Kidd Pivot's remarkable Revisor more than lives up to expectations

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      Created by Crystal Pite and Jonathon Young. A Kidd Pivot production, presented by DanceHouse. At the Vancouver Playhouse on Wednesday, February 20. Continues until February 23

      At its world premiere in Vancouver last night, Kidd Pivot’s Revisor had enough electricity to blow out the substation down the street at Cathedral Square.

      It helped that Crystal Pite—basically the hottest choreographer on the planet right now—had, along with her cocreator Jonathon Young, drawn out a hugely supportive hometown crowd. Adding to the excitement was a small army of European, Asian, and South American presenters, in town for the first Vancouver International Dance Showcase.

      With all the attention came high expectations. Revisor is the first big, full-length followup to the hit Betroffenheit, created by Pite and theatre artist Young. Were those expectations met? Yes—and better yet, the hyperstylized creation was uncompromising in challenging those expectations, earning a loud, extended standing O.

      First, to be clear, Revisor is not Betroffenheit—nor could it ever be, the latter being such a personal exploration of trauma and grief. But the new work continues Young and Pite’s play with language, and takes it to wildly complex new levels.

      The show opens with a sort of warped pantomime of Nikolai Gogol’s classic 1836 satire The Inspector General (also known as The Government Inspector). Actors read Young’s adapted script over the sound system, while the dancers mouth the words and turn the physical language of farce into grotesquely exaggerated movement that falls somewhere close to Jim Carrey channelling Looney Tunes and Tim Burton–brand stop-motion. A pratfall becomes an extended, three-person tumble across the floor; a postmaster who regrets something he's just said tries maniacally to stuff his words back down his throat.

      The set has all the requisite pieces for a farce—a door, a settee, a desk, a chandelier—but something is off, the action arch and unhinged.

      Revisor includes more abstracted dance moments.
      MIchael Slobodian

      Pite and Young have a ball playing with the tropes and archetypes of the form: the title character is a woman with a mustache, the mayor’s redheaded wife is a crazed cartoon of a ’30s-film sexpot.

      The plot is basically about a low-level clerk (in this case, one whose job it is to revise legal texts) whom town officials mistake for a high-ranking inspector general. Soon the entire community is wining, dining, and bribing him with wads of cash.

      But the plot becomes less and less important, as Pite and Young start warping what we’re watching, looping and repeating key words and moments to create something else entirely. The dancers switch their historical costumes for contemporary street clothes; flashes of light fork and melt across the back screen; a strobe catches dancer David Raymond under a bed, stuck in some kind of glitching limbo.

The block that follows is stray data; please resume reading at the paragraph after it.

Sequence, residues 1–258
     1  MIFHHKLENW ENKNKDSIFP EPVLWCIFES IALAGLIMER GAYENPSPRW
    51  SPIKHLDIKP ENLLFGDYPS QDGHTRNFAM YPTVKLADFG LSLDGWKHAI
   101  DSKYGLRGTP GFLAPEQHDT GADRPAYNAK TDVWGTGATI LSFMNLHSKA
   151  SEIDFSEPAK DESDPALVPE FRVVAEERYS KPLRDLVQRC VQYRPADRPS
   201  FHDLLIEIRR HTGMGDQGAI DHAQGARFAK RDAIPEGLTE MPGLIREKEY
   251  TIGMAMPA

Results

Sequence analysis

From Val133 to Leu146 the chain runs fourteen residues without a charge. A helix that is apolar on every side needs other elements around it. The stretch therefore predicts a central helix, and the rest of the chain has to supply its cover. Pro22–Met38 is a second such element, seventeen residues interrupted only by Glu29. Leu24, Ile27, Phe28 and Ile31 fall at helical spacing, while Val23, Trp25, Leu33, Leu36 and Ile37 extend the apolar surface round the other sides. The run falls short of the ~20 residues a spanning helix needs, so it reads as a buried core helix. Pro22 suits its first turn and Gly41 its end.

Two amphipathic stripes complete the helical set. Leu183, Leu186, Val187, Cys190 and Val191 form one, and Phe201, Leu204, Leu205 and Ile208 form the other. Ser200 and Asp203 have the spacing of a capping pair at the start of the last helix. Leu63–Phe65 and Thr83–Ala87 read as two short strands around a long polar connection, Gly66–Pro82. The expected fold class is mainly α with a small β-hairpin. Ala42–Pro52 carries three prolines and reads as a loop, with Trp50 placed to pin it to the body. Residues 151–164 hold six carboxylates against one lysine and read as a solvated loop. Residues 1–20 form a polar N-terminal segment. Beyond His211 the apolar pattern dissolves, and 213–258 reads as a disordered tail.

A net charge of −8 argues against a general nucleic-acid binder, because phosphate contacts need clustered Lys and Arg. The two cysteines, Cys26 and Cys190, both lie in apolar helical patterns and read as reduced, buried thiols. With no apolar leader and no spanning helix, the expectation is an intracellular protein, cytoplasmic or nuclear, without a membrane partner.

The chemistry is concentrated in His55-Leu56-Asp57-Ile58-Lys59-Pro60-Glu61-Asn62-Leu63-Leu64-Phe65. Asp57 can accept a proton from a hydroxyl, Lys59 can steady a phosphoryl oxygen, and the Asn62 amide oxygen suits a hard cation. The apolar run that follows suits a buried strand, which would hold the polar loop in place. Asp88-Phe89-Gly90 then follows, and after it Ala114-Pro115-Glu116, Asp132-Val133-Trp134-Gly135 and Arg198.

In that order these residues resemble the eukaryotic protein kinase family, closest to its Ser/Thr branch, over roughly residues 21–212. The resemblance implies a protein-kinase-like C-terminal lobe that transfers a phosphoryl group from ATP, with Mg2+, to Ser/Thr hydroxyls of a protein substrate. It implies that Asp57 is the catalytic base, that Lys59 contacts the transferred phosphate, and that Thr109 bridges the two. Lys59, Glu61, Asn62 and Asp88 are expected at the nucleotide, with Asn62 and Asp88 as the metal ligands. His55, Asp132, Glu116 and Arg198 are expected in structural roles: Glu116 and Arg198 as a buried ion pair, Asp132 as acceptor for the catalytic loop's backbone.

Physical comedy gives way to distress. Tiffany Tregarthen wrings huge emotion out of a solo to the repeated description “The subject is moved,” grasping her head in her arms over and over.

      By stretching time, bending it, and abstracting the story, Pite and Young take us into a kind of alternate dimension—one so feverishly removed from reality, in fact, that not all the creatures are even human anymore.

      So what on earth does it all mean? First and foremost, Pite and Young are taking the idea of revision to the nth degree. Much of Pite’s early work (Dark Matters and Lost Action) was about the role of the artist as creator, destroyer, and even detail-oriented revisor, and it's hard not to read the same ideas into what goes on here. Repeatedly in the abstract second half of Revisor, a narrator obsessively stops and changes her directions for what the figures on-stage are enacting. The action rewinds, and sometimes performer Matthew Peacock adjusts the dancers’ heads and positions, puppetlike.

      But there are deeper existential questions posed by the looping script, as well—lines like “I am within this even as I contain this” recur with relentless rhythmic force. And the themes of corruption and deception ring true in the era of fake news.

      It's all driven by a soundscape of text and haunting music that's a marvel as complex as it comes, by Owen Belton, Alessandro Juliani, and Meg Roe.

      For all the heavy intellect on display here, Revisor can be enjoyed purely on a visual and aural level. You can submit yourself to Jay Gower Taylor’s atmospheric sets, to the hallucinatory physical comedy by the performers, and the hypnotic effect of Pite’s torso-swirling, flickering movement. It’s a strange, fascinating trip no matter how you approach it—the kind where the electricity hangs in the air long after the curtain call.

      Doug Letheren in Revisor.
      Michael Slobodian